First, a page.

Sales Chat, Stories, Shared Ideas. This is Your Page - Go For It!

Brian Bontomase

HERE'S AN IDEA Posted 7:09 AM on 02/02/10 - 

When your customer is asking you to give the best price this is what you can say to them...First of all, when people ask me this question they are generaly interested in 3 things. They are 1. what value is your company and product providing for them? 2. Are we competitive? 3. And is it affordable? Mr. Smith let me share something with you. When I first started with this company I tried to sell our services strictly on price. Now I have discovered that value is way more important! The reason being, we are both in business to make a profit. If I undercut my prices for you to "earn your business" than I don't make any money and therefore won't be able to serve you as well in the future. In order for us to do business today this has to be a win win situation for both of us. Otherwise lets just walk away. Would you agree with this? The second reason people ask this question is they want to shop around and get "the best deal." Let me ask you this, "Are you willing to sacrifice value for price?" Great! So if we can provide you with incredible value, excellent service, at an affordable price that will increase your profitablity. If we can also honor your timeline and budget would I be able to earn your business today? Is there anything else that would be keeping you from making us your first choice for this project? Try this out and give me your feedback. I am confident that this will work and I'm interested in hearing how it helped any of you as well! May the sales be with you!

Race Coach

Sales Administrator (yes or no?) Posted 7:03 AM on 02/02/10 - 

What are the thoughts on the use of Sales Administrators? Many organizations find that their sales reps are burdened by excessive internal work that prevents them from getting out and selling. Some may argue that the reps are hiding inside, during work hours when they should be out selling, and that they should do the internal work outside these hours. Others may sympathize because they recognize that putting together quotes, entering CRM data and writing up orders just takes too much time out of the day. Should a Sales Admin be used to take over these duties for the rep?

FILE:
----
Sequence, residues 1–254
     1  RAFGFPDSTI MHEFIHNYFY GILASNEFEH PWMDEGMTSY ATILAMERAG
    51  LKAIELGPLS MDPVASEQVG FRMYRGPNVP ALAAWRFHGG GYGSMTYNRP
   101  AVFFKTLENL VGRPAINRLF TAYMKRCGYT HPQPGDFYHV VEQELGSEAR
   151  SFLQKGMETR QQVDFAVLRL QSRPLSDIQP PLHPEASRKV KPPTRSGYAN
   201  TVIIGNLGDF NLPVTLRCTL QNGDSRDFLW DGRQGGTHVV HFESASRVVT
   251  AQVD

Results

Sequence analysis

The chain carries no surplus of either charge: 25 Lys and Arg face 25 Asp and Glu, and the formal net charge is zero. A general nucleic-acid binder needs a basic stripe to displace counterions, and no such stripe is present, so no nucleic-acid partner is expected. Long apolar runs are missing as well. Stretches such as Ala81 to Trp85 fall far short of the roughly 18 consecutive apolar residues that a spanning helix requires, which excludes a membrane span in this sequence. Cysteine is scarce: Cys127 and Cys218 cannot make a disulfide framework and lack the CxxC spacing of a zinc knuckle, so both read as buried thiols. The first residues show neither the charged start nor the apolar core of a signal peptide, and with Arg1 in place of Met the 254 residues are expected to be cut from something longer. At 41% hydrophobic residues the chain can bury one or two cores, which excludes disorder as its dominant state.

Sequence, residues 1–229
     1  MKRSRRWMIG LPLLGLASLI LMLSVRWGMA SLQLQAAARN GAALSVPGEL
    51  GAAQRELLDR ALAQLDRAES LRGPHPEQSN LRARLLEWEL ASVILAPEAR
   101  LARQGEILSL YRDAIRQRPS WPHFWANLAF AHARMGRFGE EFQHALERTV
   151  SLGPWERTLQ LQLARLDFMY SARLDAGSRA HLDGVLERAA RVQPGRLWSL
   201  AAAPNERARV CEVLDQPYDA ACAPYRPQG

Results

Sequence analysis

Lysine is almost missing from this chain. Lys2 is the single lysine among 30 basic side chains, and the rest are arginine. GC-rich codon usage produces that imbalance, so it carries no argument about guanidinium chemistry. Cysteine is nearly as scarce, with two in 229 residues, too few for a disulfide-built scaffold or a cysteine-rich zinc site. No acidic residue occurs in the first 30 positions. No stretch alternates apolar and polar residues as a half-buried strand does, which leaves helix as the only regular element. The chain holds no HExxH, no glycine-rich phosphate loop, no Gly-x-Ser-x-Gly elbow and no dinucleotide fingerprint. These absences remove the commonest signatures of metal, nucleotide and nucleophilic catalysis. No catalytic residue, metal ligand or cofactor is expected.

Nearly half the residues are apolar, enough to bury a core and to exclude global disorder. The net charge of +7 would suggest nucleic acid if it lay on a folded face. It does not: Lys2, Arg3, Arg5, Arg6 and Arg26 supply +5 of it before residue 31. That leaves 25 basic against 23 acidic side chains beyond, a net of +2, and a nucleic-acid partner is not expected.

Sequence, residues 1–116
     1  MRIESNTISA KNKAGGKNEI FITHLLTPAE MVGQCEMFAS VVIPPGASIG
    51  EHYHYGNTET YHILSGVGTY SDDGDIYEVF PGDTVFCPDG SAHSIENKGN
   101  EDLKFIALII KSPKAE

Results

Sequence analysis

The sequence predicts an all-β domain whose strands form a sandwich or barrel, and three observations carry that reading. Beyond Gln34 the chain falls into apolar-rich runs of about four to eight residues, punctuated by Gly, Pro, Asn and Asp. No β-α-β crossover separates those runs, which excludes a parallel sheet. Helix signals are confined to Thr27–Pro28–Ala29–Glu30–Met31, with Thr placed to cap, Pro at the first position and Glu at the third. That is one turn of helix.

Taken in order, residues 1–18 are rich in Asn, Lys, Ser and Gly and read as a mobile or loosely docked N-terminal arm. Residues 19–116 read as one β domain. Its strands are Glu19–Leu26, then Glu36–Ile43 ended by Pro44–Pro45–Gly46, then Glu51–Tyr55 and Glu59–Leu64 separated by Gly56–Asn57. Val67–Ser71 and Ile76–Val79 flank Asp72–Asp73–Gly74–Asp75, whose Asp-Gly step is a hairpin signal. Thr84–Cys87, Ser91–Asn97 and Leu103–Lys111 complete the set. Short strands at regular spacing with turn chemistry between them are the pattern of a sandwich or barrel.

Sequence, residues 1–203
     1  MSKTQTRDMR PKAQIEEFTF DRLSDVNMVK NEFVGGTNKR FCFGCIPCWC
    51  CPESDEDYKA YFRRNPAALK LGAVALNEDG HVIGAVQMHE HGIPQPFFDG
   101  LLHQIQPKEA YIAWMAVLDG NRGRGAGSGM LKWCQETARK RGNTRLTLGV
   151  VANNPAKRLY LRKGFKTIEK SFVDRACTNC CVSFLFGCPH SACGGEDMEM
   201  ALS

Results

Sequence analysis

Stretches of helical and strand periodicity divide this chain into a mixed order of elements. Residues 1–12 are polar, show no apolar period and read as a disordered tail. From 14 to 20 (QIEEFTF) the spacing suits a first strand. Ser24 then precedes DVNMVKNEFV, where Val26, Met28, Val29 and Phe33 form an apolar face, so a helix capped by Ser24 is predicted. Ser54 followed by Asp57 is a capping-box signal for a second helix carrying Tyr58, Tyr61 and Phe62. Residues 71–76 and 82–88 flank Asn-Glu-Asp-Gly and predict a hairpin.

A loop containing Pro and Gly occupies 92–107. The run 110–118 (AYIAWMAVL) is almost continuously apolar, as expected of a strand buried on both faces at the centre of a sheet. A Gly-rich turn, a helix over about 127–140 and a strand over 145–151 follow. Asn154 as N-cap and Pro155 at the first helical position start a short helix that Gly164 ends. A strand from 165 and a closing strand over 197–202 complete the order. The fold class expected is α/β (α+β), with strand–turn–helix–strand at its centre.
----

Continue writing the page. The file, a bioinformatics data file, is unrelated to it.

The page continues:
Yes Posted 3:08 PM on 02/07/10 - Reply to this post

Good sales people want to sell and hate to do everything else. If you are making good hi-producing sales people fill out reports and do data entry you are wasting your company's most valuable asset. And because they hate to do the admin stuff, they are not going to do a good job of it. Yes. Set them free to sell and hire an admin to do the donkey work for them Dave

Brian Bontomase

Humor Posted 7:30 PM on 01/31/10 - 

Here's something for each of you to try...Go to Dunkin Donuts each morning and buy a half dozen donuts for every one of your sales appointments. Give them to your potential clients. Thank them for the appointment with them. Tell them a quick funny story about those donuts. For example, I say, "I am also looking forward to the day that I get pulled over by a cop. When he asks me why I think he pulled me over I'll grab a box and say, because you can smell them!" This usually gets them busting up laughing and opens a conversation! And who knows, it may come in handy some day!

Brian Bontomase

No Soliciting Posted 7:20 PM on 01/31/10 - 

Hi Jeffrey, I work as a Regional Sales Manager for Crescent Processing Center. We help businesses with accepting credit cards and other forms of payment. Ever since I was introduced to you by Success Magazine, I have been visiting your sites, reading your books, I also applied for trainone and have started the courses. I have been hooked ever since the beginning!!! Your techniques have really been helping me with my own sales strategy and have given me so much more confidence than I had before!!!! I am now starting to become more consistent and I feel I can make a sale almost anywhere. My question to you is...How do you get through the door that has a no soliciting sign on it?


Respect the sign Posted 3:10 PM on 02/07/10 - Reply to this post

If you knock on the door that has a no soliciting sign on it then from the homeowners perspective yu cannot be trusted. You have blown it. Respect the sign. Dave

Brian Bontomase

No Soliciting Posted 10:00 PM on 02/11/10 - Reply to this post